I'm looking for more stuff to cover on Gameverse right now. I never did a follow-up interview about Warmachine: Tactics, mainly because the Kickstarter ended at a bad time. I may still do that at some point. There are a lot of games that we never did cover on Gameverse, like Shadowrun Returns. I do want to start a preview series looking at games on Steam Early Access. I just need a snappy name for it.

My first interview!

So, I bagged my first interview as a game journalist. It was with Lyle Lowery, marketing manager at Privateer Press, and covers some basic questions about Warmachine: Tactics. I tried asking a good mix of questions aimed at both current Warmachine fans and gamers who have never heard of the franchise before. After all, the Kickstarter is attracting attention from (video) gamers that have never played, or even heard of, the tabletop game. I also have a (rather lengthy) new Greenlight Spotlight.

Expeditions: Conquistador Review

My review for Expeditions: Conquistador is done and on Gameverse. It has some flaws and missed potential, but I'd still recommend giving it a look. The Kickstarter for the Warmachine video game goes live tomorrow. I already have an interview lined up with their PR guy, so we'll be exchanging emails over the next few days and I'll get an article up about the game sometime in the near future.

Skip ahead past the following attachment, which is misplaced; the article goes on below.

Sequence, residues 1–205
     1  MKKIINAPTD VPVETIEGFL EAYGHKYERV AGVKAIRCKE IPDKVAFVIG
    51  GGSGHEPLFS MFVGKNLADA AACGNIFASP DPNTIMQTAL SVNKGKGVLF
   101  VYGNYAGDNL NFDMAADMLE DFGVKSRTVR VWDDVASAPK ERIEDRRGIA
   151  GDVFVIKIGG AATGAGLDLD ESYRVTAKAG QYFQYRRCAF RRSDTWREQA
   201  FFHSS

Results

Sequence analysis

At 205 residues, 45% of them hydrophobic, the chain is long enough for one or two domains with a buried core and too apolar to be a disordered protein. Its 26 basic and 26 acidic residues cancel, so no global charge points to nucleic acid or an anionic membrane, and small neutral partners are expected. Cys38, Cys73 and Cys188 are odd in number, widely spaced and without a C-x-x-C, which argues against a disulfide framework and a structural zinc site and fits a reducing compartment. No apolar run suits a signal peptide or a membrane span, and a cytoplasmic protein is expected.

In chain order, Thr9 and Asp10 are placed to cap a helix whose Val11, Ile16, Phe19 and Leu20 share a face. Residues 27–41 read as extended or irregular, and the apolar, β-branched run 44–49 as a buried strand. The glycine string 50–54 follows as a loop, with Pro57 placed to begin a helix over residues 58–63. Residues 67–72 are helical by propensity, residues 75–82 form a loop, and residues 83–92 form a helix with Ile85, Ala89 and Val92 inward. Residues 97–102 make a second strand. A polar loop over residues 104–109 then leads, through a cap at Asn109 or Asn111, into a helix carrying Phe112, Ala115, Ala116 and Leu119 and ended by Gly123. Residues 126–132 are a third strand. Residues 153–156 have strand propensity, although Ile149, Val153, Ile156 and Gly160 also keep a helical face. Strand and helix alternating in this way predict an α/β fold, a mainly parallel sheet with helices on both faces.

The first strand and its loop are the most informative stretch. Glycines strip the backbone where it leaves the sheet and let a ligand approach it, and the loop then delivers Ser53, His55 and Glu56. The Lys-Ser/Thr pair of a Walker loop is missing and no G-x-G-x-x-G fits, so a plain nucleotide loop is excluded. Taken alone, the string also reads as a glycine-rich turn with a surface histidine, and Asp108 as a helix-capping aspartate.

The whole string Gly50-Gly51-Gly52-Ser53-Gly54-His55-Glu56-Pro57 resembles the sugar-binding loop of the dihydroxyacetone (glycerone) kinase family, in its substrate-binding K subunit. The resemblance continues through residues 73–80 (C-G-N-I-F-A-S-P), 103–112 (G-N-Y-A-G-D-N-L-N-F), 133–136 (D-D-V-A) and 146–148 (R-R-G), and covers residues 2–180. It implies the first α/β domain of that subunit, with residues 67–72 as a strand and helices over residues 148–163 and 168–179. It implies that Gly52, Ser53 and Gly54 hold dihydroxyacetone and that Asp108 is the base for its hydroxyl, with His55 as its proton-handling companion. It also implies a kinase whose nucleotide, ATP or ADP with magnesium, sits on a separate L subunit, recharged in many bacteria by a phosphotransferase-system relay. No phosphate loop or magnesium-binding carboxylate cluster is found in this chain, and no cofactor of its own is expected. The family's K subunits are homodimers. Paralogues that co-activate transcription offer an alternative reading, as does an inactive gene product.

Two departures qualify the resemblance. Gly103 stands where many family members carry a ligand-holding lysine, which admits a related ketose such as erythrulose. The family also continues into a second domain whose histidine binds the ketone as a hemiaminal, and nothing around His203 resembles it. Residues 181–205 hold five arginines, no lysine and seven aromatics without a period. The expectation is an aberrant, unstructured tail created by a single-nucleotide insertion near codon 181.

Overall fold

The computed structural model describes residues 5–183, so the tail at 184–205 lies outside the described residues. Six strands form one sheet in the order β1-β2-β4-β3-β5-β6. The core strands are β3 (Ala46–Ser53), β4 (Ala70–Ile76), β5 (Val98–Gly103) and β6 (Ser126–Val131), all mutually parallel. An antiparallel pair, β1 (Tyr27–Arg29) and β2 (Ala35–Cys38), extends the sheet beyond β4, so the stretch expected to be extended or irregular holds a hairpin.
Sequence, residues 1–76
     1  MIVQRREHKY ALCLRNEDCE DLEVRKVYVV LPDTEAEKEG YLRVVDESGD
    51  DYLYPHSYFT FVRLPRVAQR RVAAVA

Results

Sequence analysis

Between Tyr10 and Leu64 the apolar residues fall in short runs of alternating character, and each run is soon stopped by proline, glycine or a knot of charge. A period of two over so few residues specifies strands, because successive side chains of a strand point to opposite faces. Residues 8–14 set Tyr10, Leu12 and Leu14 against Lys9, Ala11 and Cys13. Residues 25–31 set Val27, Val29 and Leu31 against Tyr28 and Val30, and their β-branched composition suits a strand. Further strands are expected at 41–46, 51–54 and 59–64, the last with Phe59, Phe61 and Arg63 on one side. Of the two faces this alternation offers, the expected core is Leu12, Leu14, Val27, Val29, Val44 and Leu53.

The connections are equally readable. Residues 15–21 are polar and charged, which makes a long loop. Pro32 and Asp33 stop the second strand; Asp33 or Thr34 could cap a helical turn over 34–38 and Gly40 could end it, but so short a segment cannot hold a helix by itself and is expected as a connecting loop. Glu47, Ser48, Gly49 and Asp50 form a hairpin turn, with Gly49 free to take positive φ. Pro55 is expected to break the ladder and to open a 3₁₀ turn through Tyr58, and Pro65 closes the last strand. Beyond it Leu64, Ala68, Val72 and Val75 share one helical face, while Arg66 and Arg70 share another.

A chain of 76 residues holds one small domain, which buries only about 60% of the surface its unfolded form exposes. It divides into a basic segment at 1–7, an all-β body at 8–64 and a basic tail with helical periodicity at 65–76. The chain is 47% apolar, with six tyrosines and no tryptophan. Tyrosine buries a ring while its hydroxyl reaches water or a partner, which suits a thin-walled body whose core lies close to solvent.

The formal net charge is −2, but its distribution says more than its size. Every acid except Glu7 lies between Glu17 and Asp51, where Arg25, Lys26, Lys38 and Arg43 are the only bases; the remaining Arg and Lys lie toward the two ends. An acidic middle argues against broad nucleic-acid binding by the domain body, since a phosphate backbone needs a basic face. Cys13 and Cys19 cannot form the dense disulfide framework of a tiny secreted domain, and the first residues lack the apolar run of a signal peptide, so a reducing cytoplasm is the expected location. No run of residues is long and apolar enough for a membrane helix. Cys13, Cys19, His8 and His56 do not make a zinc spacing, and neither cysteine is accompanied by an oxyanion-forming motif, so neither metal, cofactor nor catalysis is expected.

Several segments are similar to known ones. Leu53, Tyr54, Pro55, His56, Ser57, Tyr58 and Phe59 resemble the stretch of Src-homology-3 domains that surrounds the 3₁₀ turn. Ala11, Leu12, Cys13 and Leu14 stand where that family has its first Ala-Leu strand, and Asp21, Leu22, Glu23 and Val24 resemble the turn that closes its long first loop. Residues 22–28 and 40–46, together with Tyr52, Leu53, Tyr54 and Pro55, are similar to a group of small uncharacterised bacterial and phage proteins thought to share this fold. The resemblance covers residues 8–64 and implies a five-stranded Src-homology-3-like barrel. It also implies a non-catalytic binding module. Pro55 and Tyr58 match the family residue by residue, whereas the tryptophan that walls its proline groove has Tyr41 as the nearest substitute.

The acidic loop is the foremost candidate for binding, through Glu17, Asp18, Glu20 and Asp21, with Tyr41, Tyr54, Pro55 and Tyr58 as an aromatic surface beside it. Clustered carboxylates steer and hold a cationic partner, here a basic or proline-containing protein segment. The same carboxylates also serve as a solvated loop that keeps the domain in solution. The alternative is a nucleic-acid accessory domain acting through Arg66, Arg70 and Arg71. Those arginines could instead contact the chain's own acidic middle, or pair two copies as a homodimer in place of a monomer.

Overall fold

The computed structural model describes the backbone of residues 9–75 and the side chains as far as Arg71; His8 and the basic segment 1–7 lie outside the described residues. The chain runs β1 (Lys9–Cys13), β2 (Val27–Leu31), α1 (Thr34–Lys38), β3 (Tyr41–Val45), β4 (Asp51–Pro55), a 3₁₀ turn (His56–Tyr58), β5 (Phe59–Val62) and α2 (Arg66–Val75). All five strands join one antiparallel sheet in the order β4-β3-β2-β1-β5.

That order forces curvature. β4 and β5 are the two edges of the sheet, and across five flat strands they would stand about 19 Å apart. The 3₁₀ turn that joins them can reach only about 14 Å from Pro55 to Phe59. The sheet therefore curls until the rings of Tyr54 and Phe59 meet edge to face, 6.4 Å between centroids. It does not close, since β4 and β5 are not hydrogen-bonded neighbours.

New Greenlight Spotlight and other stuff

The last week or so has been both good and bad. My internship with Gameverse is almost over, and with it I've accumulated all the requirements I need to graduate from UAT with an Associate's Degree in Game Design. Those four years went by so fast. I'm kind of sad to be done...I actually really enjoyed by time as a UAT student. The downside is that now we have to start really worrying about those student loans. We got an email from one saying that we are late on a payment, which is actually their fault because we never got a statement for last month. Needless to say, my family and I will be paying student loans for quite some time. Maybe I should have followed in my family's footsteps and did a short stint in the military. That would have helped pay for college, and at one time I really was interested in being a tanker.

But the good side! I'm staying at Gameverse for now as a journalist. They are working on revamping the site and offered me a job. I'm probably going to find another little part-time job around town to help with the student loans, at least for now. I'm about to go reserve a PS4 as well. If I'm serious about covering indie games, I'm going to need one as soon as possible. You know, for research. I probably need to upgrade my desktop PC at some point too, it is about four years old now. Still reliable, but not as fast and flashy as she once was. I'm also still playing Expedition: Conquistador. I'm apparently just over halfway through the game, so a review should be coming soon. Until then, new Greenlight Spotlight.